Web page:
The Emory Alzheimer's Disease Research Center (ADRC) provides Georgia and the region with comprehensive clinical, research, and educational programs This renewal application outlines our success in building an environment that encourages and supports innovative projects directed at understanding the pathogenesis and developing new treatments for AD and other age-related cognitive disorders. We benefit from generous institutional support from Emory, one of the nation's fastest growing research academic enterprises, and collaborative interactions with the Emory Center for Neurodegenerative Disease, and the Yerkes National Primate Center. Our 5 cores demonstrate remarkable productivity in recruiting patients from the culturally diverse clinical specialty programs at Emory and Grady Memorial Hospitals for participation in our ADRC registry, the autopsy program, and the various clinical research activities. Data from these cores are captured and stored for distribution to local researchers and for national collaborations. Our biospecimen banks include well-characterized neuropathological case materials, and DNA, CSF, and blood samples from our clinical populations. These valuable resources are distributed widely for a variety of approved studies of genetic, molecular, pharmacological, and pathological investigations. The ADRC educational programs reach a broad audience of students, health care professionals, and the public. We propose three cutting edge research projects that are closely integrated with ADRC Cores: Project 1 (Dr. Ben Hampstead) "Comparison of Memory Rehabilitation Techniques in Mild Cognitive Impairment", will use a novel approach to rehabilitation of memory combining behavioral components with functional brain imaging to address whether rehabilitation techniques target the intended brain regions and to determine the signature of brain activity associated with successful rehabilitation. Project 2, "miRNA Expression Modulation of Alzheimer Disease Pathogenesis" (Dr. Peng Jin) will extend studies of miRNAs selectively altered in AD brain and evaluate their role in the post-transcriptional regulation of the expression of specific mRNAs that are involved in AD pathogenesis. Project 3, "Norepinephrine-TrkB Interactions in Alzheimer's Disease" (Dr. David Weinshenker) studies a novel interaction between catecholamines and the TrkB receptor in animal and cell culture models of AD, as well as in brain tissues obtained from controls, MCI, and AD cases. Collectively, these projects span clinical, translational, and basic science research and will advance our understanding of cognition in normal aging and its transitions to mild cognitive impairment, AD, and related neurodegenerative disorders.

Public Health Relevance

Georgia has one of the fast growing elderly populations in the country, anticipating a major increase in AD and other age-related neurodegenerative conditions in the decades ahead. Advances in clinical care, research, and education are essential to successfully confront the challenge. Renewal of the Emory ADRC will sustain progress in better understanding disease pathogenesis, enable earlier identification of at-risk individuals, and catalyze development of more effective treatments.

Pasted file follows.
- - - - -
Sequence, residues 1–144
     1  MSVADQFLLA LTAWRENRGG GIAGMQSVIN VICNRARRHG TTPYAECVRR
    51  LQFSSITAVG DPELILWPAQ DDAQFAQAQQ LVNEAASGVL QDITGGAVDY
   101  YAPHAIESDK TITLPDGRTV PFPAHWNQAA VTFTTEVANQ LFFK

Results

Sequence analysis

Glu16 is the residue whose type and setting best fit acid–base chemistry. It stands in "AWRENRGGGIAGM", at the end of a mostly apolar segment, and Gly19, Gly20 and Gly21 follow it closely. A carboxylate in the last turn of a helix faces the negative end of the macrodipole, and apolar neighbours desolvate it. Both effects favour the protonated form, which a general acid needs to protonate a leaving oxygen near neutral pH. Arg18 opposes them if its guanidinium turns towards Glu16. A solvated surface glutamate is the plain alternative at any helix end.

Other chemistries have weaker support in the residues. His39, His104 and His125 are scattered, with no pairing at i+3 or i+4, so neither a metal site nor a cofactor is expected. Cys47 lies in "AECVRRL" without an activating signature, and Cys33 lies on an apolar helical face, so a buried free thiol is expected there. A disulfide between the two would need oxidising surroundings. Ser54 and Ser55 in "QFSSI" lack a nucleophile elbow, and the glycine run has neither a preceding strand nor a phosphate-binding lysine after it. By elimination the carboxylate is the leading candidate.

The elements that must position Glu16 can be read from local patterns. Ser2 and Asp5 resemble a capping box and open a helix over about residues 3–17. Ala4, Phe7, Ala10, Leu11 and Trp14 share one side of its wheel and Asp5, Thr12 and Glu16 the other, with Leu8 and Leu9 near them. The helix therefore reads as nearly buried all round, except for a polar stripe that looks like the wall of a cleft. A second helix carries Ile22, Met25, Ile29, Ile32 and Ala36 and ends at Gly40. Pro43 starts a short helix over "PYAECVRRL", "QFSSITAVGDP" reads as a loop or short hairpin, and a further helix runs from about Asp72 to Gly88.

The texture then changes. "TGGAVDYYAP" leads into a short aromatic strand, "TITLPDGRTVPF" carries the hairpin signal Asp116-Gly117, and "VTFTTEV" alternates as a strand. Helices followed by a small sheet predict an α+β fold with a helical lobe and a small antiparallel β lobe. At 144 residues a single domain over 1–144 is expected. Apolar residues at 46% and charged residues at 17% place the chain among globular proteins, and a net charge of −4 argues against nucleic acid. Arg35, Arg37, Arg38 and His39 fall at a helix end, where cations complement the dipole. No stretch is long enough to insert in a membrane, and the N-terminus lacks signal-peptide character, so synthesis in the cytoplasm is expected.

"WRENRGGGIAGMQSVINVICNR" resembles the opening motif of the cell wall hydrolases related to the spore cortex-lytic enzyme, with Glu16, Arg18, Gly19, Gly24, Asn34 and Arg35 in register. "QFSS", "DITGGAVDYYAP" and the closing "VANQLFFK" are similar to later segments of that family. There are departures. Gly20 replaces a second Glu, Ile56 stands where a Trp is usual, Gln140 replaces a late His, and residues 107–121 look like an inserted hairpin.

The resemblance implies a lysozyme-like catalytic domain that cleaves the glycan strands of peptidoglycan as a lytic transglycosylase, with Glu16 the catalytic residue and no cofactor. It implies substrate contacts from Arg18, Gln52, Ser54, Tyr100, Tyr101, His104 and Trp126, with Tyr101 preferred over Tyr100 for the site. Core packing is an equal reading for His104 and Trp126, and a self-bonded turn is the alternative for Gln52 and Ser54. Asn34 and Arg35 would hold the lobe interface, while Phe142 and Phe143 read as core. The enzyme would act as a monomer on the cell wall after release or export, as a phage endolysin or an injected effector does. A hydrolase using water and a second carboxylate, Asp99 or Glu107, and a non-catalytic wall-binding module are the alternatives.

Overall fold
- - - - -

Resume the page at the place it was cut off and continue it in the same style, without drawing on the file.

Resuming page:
National Institute of Health (NIH)
National Institute on Aging (NIA)
Specialized Center (P50)
Project #
Application #
Study Section
Special Emphasis Panel (ZAG1-ZIJ-4 (J2))
Program Officer
Phelps, Creighton H
Project Start
Project End
Budget Start
Budget End
Support Year
Fiscal Year
Total Cost
Indirect Cost
Emory University
Schools of Medicine
United States
Zip Code
Matveev, Sergey V; Spielmann, Hans Peter; Metts, Brittney M et al. (2014) A distinct subfraction of A? is responsible for the high-affinity Pittsburgh compound B-binding site in Alzheimer's disease brain. J Neurochem 131:356-68
England, Heather B; Gillis, M Meredith; Hampstead, Benjamin M (2014) RBANS memory indices are related to medial temporal lobe volumetrics in healthy older adults and those with mild cognitive impairment. Arch Clin Neuropsychol 29:322-8
Chopra, Pankaj; Papale, Ligia A; White, Andrew T J et al. (2014) Array-based assay detects genome-wide 5-mC and 5-hmC in the brains of humans, non-human primates, and mice. BMC Genomics 15:131
Lohr, Kelly M; Bernstein, Alison I; Stout, Kristen A et al. (2014) Increased vesicular monoamine transporter enhances dopamine release and opposes Parkinson disease-related neurodegeneration in vivo. Proc Natl Acad Sci U S A 111:9977-82
Goldstein, Felicia C; Ashley, Angela V; Miller, Eric et al. (2014) Validity of the montreal cognitive assessment as a screen for mild cognitive impairment and dementia in African Americans. J Geriatr Psychiatry Neurol 27:199-203
Kummer, Markus P; Hammerschmidt, Thea; Martinez, Ana et al. (2014) Ear2 deletion causes early memory and learning deficits in APP/PS1 mice. J Neurosci 34:8845-54
Göttle, Martin; Prudente, Cecilia N; Fu, Rong et al. (2014) Loss of dopamine phenotype among midbrain neurons in Lesch-Nyhan disease. Ann Neurol 76:95-107
Richardson, Jason R; Roy, Ananya; Shalat, Stuart L et al. (2014) Elevated serum pesticide levels and risk for Alzheimer disease. JAMA Neurol 71:284-90
Feldman, Eva L; Boulis, Nicholas M; Hur, Junguk et al. (2014) Intraspinal neural stem cell transplantation in amyotrophic lateral sclerosis: phase 1 trial outcomes. Ann Neurol 75:363-73
Beecham, Gary W; Hamilton, Kara; Naj, Adam C et al. (2014) Genome-wide association meta-analysis of neuropathologic features of Alzheimer's disease and related dementias. PLoS Genet 10:e1004606

Showing the most recent 10 out of 141 publications